[Numpy-discussion] newbie question about boolean testing of array equality result

Robert Kern robert.kern at gmail.com
Wed Mar 23 10:59:26 EDT 2011

On Wed, Mar 23, 2011 at 09:29, Jonathan Hartley <tartley at tartley.com> wrote:
> Hey people,
> I'm writing an application in which we evaluate user-supplied Python
> expressions.
> Sometimes, we want to do an equality test on the result of the evaluation,
> eg:
>     result = eval(...)
>     if result == float('nan'):
>          ...

Please note that this particular expression will *never* work, even
with float objects. float('nan') != float('nan'). It's a quick of
floating point semantics.

> If the result is a numpy array, then this raises a ValueError, since the
> array equality operator returns a new numpy array, and the coercion of this
> to a boolean for the if predicate then explicitly raises. Presumably this is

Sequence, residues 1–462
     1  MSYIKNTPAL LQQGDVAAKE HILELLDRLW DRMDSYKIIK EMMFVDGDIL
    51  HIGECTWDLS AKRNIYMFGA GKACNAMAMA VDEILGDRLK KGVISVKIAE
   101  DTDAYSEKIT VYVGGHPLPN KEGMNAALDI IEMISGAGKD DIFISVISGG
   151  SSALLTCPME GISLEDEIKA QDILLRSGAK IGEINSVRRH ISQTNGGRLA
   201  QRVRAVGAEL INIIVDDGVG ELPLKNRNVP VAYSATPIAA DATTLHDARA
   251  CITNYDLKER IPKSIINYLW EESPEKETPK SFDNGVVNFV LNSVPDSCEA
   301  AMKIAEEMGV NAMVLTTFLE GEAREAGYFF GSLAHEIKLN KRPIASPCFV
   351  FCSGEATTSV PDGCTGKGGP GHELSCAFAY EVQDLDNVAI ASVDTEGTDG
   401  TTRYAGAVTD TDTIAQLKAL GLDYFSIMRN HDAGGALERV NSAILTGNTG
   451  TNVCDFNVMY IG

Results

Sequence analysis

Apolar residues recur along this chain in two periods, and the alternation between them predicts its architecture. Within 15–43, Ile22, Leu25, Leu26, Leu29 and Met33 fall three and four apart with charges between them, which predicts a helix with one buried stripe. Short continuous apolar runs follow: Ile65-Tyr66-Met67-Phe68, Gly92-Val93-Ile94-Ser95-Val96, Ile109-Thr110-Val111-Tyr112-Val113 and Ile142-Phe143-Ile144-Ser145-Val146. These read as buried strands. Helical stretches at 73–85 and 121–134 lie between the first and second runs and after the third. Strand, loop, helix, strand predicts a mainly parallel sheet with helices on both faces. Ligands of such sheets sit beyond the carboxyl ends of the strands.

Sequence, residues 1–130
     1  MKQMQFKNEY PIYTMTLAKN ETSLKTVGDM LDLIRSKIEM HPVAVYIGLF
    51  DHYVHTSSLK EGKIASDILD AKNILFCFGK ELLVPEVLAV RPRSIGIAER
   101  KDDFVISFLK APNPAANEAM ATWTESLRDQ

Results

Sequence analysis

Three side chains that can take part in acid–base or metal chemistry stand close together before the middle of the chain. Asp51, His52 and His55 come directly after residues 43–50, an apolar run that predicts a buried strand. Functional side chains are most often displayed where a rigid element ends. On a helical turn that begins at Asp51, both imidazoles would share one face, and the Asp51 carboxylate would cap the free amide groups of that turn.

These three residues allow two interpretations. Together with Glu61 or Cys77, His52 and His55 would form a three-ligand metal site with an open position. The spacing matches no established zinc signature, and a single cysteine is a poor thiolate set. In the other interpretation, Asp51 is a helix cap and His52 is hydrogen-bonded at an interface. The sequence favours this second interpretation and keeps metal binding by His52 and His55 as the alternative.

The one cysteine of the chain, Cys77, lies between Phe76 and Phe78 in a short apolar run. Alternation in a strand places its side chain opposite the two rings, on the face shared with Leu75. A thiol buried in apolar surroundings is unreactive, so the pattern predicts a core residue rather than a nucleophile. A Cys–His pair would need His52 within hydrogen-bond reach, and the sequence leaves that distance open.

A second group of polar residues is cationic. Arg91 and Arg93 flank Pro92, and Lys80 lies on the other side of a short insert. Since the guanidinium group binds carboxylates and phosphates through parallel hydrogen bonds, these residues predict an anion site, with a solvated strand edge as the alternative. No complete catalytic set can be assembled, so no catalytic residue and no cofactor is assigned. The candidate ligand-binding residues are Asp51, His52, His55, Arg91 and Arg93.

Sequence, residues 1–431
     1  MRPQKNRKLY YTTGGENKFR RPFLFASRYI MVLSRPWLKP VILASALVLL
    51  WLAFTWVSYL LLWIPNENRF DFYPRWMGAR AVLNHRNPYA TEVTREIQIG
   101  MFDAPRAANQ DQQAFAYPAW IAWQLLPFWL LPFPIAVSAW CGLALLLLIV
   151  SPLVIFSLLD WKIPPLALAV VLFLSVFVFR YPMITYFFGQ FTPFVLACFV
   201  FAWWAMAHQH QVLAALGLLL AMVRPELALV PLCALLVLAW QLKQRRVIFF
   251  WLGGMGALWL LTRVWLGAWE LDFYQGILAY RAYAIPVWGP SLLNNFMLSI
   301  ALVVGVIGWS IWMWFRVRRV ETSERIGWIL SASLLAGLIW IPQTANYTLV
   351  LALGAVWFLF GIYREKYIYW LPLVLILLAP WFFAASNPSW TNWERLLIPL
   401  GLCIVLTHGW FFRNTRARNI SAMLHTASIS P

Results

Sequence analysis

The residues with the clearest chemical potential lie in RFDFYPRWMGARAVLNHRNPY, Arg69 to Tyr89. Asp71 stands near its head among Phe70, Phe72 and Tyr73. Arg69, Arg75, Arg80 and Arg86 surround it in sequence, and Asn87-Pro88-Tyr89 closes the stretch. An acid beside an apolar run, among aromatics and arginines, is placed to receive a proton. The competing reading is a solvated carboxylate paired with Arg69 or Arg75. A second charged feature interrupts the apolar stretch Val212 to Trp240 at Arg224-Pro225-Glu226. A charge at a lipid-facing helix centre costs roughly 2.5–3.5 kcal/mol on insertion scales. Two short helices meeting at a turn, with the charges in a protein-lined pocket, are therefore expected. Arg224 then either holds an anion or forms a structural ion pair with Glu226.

> well-known?


> For us, it is undesirable.
> Am I right to understand that any code which might ever encounter a numpy
> array therefore can never use an unguarded  'if x == y:' construction? Is my
> workaround really to replace every instance of this with 'if not
> isinstance(x, numpy.array) and x==y:' ? This pains me, because otherwise
> this code would have no dependency on numpy. (I can't just prepend
> 'isinstance(x, float)' because, unlike the example above, we don't always
> know the type of the equality RHS until runtime.)

def equals(x, y):
    z = x == y
    if not isinstance(z, bool):
        # Or maybe you check for the existence of .all() or .any()
depending on which semantics you would like in the presence of numpy
        z = False
    return z

> I can see that there's a pleasing symmetry to have all the array arithmetic
> operators and comparisons operate in an element-wise manner, but I think
> it's more important for __eq__ to follow it's usual semantics of returning a
> boolean. I'd way prefer it if the element-wise equality array generation was
> exposed as a different method.

I'm afraid that it is far too late to make such a change.

Robert Kern

"I have come to believe that the whole world is an enigma, a harmless
enigma that is made terrible by our own mad attempt to interpret it as
though it had an underlying truth."
  -- Umberto Eco

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